• When reporting and/or participating in a grievance process, the university provides amnesty to survivors and witnesses from minor policy violations related to the event (e.g., underage consumption of alcohol or use of illicit drugs at the time of the incident).
  • Survivors have the right to have an advisor of their choice with them for all meetings and proceedings of a grievance process.
  • The university can assist a survivor with receiving medical aid (including an evidence collection kit) by providing transportation to and from the hospital or medical facility (within San Francisco) or arrange for other transportation assistance (outside of San Francisco, e.g., reimbursement for a rideshare to a medical facility).
  • The university can assist a survivor with reporting to law enforcement, if they so choose. The university can provide transportation to and from the police station (within San Francisco) or arrange for other transportation assistance (outside of San Francisco, e.g., reimbursement for rideshare to a police station).


USF will continue to provide response and options for incidents that occur off campus, which is not currently required by Title IX if it does not meet certain criteria. If the alleged person is within the jurisdiction of the university (an enrolled student or current employee), they can be held accountable through USF’s formal grievance process when a survivor wishes to pursue that option or when the university believes there is a continued threat of individual or campus harm by that person.


Updates and revisions to the policy will be reviewed by the USF REPS Committee, which includes student representatives, to receive feedback and suggestions for further inclusions of survivor-centered and trauma-informed approaches. The university also welcomes any community member who wishes to provide feedback, ask questions, and engage in conversation about USF policy and procedures. The Title IX Office can be reached at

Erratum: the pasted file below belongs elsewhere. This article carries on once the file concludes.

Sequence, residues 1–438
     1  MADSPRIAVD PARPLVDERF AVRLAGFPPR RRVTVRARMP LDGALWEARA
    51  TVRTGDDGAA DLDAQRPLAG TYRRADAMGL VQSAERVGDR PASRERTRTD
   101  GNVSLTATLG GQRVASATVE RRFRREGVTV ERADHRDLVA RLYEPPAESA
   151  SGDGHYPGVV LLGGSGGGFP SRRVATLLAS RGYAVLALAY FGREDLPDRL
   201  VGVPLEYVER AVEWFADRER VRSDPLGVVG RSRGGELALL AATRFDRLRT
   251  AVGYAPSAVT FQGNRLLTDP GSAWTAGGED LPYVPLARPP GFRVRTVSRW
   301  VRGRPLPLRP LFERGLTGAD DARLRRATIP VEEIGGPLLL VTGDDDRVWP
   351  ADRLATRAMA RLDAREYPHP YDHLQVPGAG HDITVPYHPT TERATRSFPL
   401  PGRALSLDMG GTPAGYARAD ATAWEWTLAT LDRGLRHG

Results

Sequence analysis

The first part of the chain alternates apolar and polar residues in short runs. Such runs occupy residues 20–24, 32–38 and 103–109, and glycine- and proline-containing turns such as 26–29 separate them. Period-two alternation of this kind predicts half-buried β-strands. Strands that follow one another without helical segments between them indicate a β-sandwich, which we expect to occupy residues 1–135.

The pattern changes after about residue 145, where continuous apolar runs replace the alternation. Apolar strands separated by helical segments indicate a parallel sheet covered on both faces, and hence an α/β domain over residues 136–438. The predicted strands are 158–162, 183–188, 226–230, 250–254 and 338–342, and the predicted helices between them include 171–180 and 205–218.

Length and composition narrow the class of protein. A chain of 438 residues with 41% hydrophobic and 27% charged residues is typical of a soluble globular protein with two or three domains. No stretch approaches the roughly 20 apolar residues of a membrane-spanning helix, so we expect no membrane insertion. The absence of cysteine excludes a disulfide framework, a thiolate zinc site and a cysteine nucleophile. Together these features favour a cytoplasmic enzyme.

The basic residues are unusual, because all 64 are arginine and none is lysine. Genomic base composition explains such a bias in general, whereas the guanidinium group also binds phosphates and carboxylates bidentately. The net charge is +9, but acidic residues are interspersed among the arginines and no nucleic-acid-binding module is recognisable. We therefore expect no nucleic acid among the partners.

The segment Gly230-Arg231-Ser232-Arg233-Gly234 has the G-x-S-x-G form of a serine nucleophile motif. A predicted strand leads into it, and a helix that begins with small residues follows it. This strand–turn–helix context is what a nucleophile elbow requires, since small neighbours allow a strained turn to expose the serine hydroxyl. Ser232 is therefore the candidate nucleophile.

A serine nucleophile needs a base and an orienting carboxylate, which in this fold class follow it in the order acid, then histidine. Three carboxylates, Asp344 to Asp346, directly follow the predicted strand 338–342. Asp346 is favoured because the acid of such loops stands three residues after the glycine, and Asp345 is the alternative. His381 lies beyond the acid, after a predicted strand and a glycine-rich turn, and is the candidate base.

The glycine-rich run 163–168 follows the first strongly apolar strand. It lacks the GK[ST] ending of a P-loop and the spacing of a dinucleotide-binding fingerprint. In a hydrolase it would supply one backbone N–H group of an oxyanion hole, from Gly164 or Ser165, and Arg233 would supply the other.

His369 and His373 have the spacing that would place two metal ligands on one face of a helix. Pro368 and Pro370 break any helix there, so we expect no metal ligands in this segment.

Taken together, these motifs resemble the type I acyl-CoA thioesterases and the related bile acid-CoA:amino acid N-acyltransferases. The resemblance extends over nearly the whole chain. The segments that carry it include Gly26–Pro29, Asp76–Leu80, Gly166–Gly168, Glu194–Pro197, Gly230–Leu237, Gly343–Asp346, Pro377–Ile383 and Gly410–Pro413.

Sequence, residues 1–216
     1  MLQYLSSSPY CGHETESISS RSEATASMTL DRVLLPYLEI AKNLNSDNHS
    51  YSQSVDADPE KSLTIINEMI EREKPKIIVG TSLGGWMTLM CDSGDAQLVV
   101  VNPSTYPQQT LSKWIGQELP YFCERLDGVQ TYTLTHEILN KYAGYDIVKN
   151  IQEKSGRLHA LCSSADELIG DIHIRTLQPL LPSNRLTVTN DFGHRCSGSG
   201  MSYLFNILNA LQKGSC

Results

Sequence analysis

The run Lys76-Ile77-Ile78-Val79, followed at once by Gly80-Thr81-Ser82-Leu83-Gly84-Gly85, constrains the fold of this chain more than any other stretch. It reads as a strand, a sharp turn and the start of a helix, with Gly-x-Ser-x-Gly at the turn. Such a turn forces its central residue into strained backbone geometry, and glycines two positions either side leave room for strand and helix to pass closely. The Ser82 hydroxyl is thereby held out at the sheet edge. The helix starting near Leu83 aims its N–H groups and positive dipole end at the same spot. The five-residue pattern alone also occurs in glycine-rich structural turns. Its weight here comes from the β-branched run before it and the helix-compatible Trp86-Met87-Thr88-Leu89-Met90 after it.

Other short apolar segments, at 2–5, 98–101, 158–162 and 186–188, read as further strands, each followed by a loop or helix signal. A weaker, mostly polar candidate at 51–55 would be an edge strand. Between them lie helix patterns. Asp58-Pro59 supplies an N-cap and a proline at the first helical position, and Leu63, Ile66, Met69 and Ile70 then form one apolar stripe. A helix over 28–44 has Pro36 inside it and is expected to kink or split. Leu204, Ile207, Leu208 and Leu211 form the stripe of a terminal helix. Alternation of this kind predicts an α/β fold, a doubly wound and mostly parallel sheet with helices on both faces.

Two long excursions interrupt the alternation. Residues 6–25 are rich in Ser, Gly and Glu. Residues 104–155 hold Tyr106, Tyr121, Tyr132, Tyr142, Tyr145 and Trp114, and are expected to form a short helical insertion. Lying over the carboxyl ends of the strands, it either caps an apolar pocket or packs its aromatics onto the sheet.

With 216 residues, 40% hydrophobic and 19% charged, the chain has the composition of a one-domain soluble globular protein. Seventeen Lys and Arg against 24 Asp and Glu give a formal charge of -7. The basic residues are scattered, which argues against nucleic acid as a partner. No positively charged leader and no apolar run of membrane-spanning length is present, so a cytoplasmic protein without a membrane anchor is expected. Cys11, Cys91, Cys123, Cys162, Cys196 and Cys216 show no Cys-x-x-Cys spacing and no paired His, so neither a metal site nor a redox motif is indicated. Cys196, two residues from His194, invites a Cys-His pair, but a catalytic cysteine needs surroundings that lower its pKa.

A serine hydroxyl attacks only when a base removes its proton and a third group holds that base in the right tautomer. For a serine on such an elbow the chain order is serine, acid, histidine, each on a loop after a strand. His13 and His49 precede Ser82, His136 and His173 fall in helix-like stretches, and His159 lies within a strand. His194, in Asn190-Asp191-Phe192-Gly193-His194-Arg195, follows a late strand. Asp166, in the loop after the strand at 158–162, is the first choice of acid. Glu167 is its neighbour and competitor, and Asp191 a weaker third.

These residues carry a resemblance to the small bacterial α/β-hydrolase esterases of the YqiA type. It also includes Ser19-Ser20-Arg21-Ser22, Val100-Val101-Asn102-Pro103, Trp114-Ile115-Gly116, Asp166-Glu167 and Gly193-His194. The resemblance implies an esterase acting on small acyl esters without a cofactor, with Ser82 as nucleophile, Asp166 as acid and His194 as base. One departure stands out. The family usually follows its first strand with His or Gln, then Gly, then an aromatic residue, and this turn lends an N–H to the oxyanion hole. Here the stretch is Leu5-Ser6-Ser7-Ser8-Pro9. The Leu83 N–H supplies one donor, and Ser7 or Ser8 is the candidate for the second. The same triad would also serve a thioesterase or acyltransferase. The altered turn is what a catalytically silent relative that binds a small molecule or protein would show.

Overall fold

“3. Creation of a student and survivor Sexual Violence Taskforce”

The university is committed to working with students to learn more about this particular item and administrative leaders have reached out to the organizers of “It’s On USFCA.” Currently, the USF REPS (Resources, Education, Prevention and Support) Committee aims to end sexual violence on campus through connecting students to resources, educating our community, preventing and intervening in disrespectful situations, and providing support to the community. There are 11 student representatives on the REPS Committee this year, in addition to an ASUSF representative with a specific focus on Title IX work. The university is hopeful that the organizers and students from the REPS Committee can meet and discuss ways to bolster student and survivor opportunities for engagement with the Title IX office and continued work on education, prevention, and advocacy.

In early 2021, USF created a new confidential advocate position in CAPS, titled Sexual Violence Resource Advocate. In July 2021, Lisa Quach, M.S.W., was hired into this position to provide specialized counseling and support to any student who has experienced sexual violence.